Guest: Amir Fassihi @ahfassihi Amir Fassihi talks with Dave Rael about game development, learning, teams, mythology, psychology, love, and self-awareness Amir Fassihi fell in love with videogames while living in Japan in the 80's and experiencing the great games of the original Nintendo Entertainment System (or as called in Japan, Famicon!). A dream of making great games such as the Dragon Quest series initiated from back then. Later, he tried some Apple 2 games and then PC games. He always tried to find material to study about making games however he could get them (and all this is before the internet era). He got interested in computer programming seriously during high school. Another important part of his life is basketball which he played seriously during high school and university and for some time after graduation. I was part of the National Youth Basketball team of Iran and also a member of the university national team. He has learned big lessons from basketball that apply to work, teamwork and management. His current passions are leadership and teamwork concepts, video game development and some psychology related topics. He tries to read all kinds of books, as much as he can. He's playing less basketball these days and running is the replacement. Amir is married and has a 9 year old son. Chapters: - Dave introduces the show and Amir Fassihi - Amir's gradual transition from being an individual contributor to an organizational leader - Lessons from sports applied to business, software, and life - Amir's international and multicultural life experience - The challenges of game development that set it apart from developing other types of applications - The nature of game design and comparing game designers and user experience designers and web designers - The things that "light Amir up" - Amir's experience with gaming and growing up in different parts of the world and games and game development in Iran - Market conditions for game development as compared to line of business - Amir's story of failure - taking on an ambitious game project as a first effort without commercial success - Amir's son as game crtiic - Amir's book recommendations - Amir's top 3 tips for delivering more value - Keeping up with Amir Resources: Amir on LinkedIn Dead Mage Herding Cats: A Primer for Programmers Who Lead Programmers - J. Hank Rainwater Non-functional requirements Garshasp: The Monster Slayer (The Dead Mage Video Game) Garshasp (Mythological Hero) Assassin's Creed Call of Duty Project management triangle Thomas Watson on firing an employee who had a costly mistake Bonsai Trees Super Mario Odyssey Toy Story The Mythical Man-Month: Essays on Software Engineering, Anniversary Edition (2nd Edition) - Frederick P. Brooks Jr. An Article on Google's "Project Aristotle" Psychological safety Mithra - Persian God Responsible for Contracts Amir's book recommendation: Creativity, Inc.: Overcoming the Unseen Forces That Stand in the Way of True Inspiration - Ed Catmull Give and Take: Why Helping Others Drives Our Success - Adam Grant Leaders Eat Last: Why Some Teams Pull Together and Others Don't - Simon Sinek Find Your Why: A Practical Guide for Discovering Purpose for You and Your Team - Simon Sinek Amir's top 3 tips for delivering more value: Study love more Know yourself better
Guest: Daniel Rice @thedrbits Daniel Rice talks with Dave Rael about deep interests, blockchain, cryptocurrencies, the importance of demand for what you offer, and niches Daniel Rice is a veteran software engineer, leader, speaker, and writer with expertise in blockchain and finance. Daniel’s most recent role was as CTO for Totum Risk which provides portfolio analytics software. Totum was selected for YNext incubator in 2016, which was awarded “top accelerator” honors by Finance Magazine. Daniel has helped launch over 20 products, and as an entrepreneur his personal apps have racked up over 5 million downloads. In 2014 Daniel founded Bitcoin Developers Los Angeles to focus on building a developer community around blockchain technology. He has also consulted as CTO for several early blockchain startups and published a whitepaper on managing price volatility of cryptocurrencies. Daniel is also the founder and organizer of the Orange County CTO Forum. He holds a BS degree in computer engineering from Cal Poly, San Luis Obispo. Chapters: - Dave introduces the show and Daniel Rice - Daniel's path into getting more involved in business in addition to software - Daniel's current roles and interests - The appeal to Daniel of blockchain and Bitcoin - Surveillance,fear, and liberty - What developers should know about blockchain and cryptocurrencies - How Daniel discovered Bitcoin and the importance of the finite cap on quantity - Sources of interest in Bitcoin for developers - Resources for developers interested in blockchain and cryptocurrencies - How Daniel got started in software - Daniel's story of failure - deficiency of market research - Daniel's book recommendation - Daniel's top 3 tips for delivering more value - Keeping up with Daniel Resources: Bitcoin Developers Los Angeles Bootstrap Legal Blockchain Bitcoin The Bitcoin Whitepaper Ethereum Benjamin Franklin Quotes - Including "Those who would give up essential Liberty, to purchase a little temporary Safety, deserve neither Liberty nor Safety." United States National Security Agency on Twitter US Inflation Calculator Bitcoin's genesis block Smart Contracts Bitcoin Mining Digital Signature Building Bitcoin Core with XCode - Daniel Rice Configuring bitcoind for Debugging - Daniel Rice Solidity Programming Language Ethereum Documentation Bitcoin Reference Client Ocarina (Flute App) by Smule Daniel's Airhorn App Tai Lopez on the Ben Greenfield Fitness Podcast - Secrets to Getting Tough Daniel on Bitcoin: "Bitcoin is a techno tour de force" Reason 1: Open Source Technology Daniel on Bitcoin: "Bitcoin is a techno tour de force" Reason 2: Open Ledger Daniel on Bitcoin: "Bitcoin is a techno tour de force" Reason 3: Secure Money Storage and Transactions Daniel on Bitcoin: "Bitcoin is a techno tour de force" Reason 4: Decentralization Daniel on Bitcoin: "Bitcoin is a techno tour de force" Reason 5: Capped Supply Daniel's book recommendation: The Start-up of You: Adapt to the Future, Invest in Yourself, and Transform Your Career - Reid Hoffman Daniel's top 3 tips for delivering more value: Focus on demand Respect the non-technical parts of business Invest in yourself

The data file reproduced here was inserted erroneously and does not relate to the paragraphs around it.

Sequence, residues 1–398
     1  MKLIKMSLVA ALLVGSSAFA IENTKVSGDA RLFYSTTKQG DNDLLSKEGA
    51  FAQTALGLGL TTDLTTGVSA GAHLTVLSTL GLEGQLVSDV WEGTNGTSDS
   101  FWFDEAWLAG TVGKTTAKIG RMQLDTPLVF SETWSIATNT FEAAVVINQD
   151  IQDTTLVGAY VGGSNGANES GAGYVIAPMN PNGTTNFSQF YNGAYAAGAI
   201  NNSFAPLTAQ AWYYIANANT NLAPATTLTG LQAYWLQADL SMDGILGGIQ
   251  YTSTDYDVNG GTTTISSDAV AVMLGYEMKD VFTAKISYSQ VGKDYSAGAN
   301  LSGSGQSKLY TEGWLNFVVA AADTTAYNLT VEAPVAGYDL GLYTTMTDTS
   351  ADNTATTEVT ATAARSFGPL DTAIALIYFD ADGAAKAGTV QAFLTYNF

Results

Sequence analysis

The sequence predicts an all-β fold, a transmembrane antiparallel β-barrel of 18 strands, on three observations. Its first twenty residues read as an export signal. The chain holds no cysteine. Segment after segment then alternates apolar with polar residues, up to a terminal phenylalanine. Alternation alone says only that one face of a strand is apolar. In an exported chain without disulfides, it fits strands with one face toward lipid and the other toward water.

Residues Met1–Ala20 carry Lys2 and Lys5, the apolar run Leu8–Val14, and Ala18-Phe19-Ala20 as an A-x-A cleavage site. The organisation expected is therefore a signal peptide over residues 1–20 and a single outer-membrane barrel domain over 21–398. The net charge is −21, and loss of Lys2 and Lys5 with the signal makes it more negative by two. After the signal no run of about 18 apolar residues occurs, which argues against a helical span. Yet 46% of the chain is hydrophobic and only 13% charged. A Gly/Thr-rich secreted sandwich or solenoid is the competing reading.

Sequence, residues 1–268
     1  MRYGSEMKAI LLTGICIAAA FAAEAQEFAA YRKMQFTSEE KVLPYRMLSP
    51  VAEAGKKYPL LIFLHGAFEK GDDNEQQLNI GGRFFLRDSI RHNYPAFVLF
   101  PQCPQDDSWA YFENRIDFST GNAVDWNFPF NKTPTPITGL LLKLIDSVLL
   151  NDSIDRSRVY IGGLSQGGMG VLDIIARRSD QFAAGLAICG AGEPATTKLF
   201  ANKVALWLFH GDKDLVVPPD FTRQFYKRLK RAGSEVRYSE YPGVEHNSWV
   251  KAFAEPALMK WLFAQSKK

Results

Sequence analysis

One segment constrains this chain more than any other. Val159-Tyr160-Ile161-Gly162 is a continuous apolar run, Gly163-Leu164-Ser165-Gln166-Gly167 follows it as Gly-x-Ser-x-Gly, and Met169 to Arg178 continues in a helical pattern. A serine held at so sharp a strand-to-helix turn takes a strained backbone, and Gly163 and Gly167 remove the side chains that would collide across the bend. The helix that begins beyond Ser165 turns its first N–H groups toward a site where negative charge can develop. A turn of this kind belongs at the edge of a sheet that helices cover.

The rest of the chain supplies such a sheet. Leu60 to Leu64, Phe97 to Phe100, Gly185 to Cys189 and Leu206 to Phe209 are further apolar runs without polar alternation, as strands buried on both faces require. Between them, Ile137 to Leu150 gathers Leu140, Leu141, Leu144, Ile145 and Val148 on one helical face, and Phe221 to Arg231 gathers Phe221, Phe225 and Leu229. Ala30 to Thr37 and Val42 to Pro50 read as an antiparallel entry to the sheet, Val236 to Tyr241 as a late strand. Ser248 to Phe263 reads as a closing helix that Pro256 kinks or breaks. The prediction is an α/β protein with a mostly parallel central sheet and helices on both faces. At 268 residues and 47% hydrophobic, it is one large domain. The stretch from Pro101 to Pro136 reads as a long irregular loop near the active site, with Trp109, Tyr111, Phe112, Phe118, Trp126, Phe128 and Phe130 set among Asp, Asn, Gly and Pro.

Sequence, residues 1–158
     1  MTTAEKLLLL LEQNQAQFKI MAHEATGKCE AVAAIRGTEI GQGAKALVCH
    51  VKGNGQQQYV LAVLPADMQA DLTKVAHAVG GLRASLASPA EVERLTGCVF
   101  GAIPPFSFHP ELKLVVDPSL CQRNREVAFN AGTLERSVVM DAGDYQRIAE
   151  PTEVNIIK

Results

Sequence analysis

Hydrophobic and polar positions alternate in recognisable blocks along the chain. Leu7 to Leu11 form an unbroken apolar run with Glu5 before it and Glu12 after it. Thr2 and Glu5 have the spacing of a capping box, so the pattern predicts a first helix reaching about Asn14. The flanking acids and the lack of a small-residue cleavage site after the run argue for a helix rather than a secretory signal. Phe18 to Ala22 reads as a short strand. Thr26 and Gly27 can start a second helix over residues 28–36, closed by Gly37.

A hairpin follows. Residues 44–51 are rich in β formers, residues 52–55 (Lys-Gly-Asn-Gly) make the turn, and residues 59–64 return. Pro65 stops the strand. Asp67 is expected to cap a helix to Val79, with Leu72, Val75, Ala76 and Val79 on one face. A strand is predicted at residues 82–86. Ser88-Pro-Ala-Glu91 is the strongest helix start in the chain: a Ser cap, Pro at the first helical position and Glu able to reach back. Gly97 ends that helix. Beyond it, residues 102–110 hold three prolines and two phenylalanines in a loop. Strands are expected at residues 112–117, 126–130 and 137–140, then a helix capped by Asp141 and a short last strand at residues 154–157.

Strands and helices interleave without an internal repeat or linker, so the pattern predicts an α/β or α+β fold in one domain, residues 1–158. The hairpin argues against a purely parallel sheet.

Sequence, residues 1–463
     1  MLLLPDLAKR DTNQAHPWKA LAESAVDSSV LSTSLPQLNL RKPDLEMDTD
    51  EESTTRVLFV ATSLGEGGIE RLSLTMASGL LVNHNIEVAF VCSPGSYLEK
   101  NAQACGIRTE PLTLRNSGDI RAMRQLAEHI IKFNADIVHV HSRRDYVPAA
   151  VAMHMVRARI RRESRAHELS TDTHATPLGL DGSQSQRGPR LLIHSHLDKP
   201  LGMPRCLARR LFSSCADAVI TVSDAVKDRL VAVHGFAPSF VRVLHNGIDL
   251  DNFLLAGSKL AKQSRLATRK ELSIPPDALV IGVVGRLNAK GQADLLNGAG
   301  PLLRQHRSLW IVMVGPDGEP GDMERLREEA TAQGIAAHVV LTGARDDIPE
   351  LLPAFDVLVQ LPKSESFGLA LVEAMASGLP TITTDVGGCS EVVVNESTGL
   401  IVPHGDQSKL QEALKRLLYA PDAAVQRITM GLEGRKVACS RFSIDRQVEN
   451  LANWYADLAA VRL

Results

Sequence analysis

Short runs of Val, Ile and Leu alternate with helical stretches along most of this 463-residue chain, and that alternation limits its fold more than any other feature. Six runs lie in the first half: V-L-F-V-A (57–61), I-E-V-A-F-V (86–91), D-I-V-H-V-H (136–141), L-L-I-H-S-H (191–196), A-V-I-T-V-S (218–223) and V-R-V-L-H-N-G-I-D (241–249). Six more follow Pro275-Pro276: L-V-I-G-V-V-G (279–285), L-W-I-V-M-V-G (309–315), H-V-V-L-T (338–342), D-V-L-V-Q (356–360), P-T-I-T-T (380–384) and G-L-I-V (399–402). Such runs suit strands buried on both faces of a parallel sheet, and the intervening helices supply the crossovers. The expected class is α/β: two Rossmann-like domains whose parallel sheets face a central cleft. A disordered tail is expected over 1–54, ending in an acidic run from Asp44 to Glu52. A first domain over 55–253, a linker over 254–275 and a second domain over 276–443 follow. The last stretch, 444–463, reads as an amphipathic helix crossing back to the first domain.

Guest: Eric Evans @ericevans0 Eric Evans talks with Dave Rael about useful models, science as a way of life and source of modeling examples, relative benefits and costs of choices, and using design to deliver Eric Evans is the author of “Domain-Driven Design: Tackling Complexity in the Heart of Software,” Addison-Wesley 2004. Since the early 1990s, he has worked on many projects developing large business systems with objects with many different approaches and many different outcomes. The book is a synthesis of that experience. It presents a system of modeling and design techniques that successful teams have used to align complex software systems with business needs and to keep projects agile as systems grow large. Eric now leads “Domain Language”, a consulting group which coaches and trains teams applying domain-driven design, helping them to make their development work more productive and more valuable to their business. Chapters: - Dave introduces the show and Eric Evans - Eric's motivations for writing his book - Influences on Domain-Driven Design - Examples of modeling - The things that "light Eric up" - The many ways of interpreting Domain-Driven Design - Books that are timeless classics and the competing reasons for choosing how to structure a book - The meaning of Domain-Driven Design as a model for software development and the impact it has had - Eric's book recommendation - Eric's top 3 tips for delivering more value - Keeping up with Eric Resources: Domain-Driven Design: Tackling Complexity in the Heart of Software - Eric Evans Domain Language - Eric's Training, Coaching, and Consulting Group - Sign Up for the Mailing List Nicolaus Copernicus Johannes Kepler Isaac Newton Epicycles Eric's Keynote at Explore DDD Explore DDD - Paul Rayner's Domain-Driven Design Conference The Explore DDD YouTube Channel with Videos of the Talks Mercator Projection Semiconductor Device Fabrication Syndicated Loans Eric Evans: What I've learned about DDD since the book Kent Beck The Pragmatic Programmer: From Journeyman to Master - Andrew Hunt Ward Cunningham on Developer On Fire Dan North's seminal BDD Article CERN Eric's book recommendation: The Egg And The Sperm Race - Matthew Cobb Eric's top 3 tips for delivering more value: Make a plan that will enable you to deliver soon and make sure the first thing you deliver actually matters Don't allow a mentality of design efforts with upfront cost that will intimately yield value - good design yields value immediately Produce many models and let competition determine the most useful one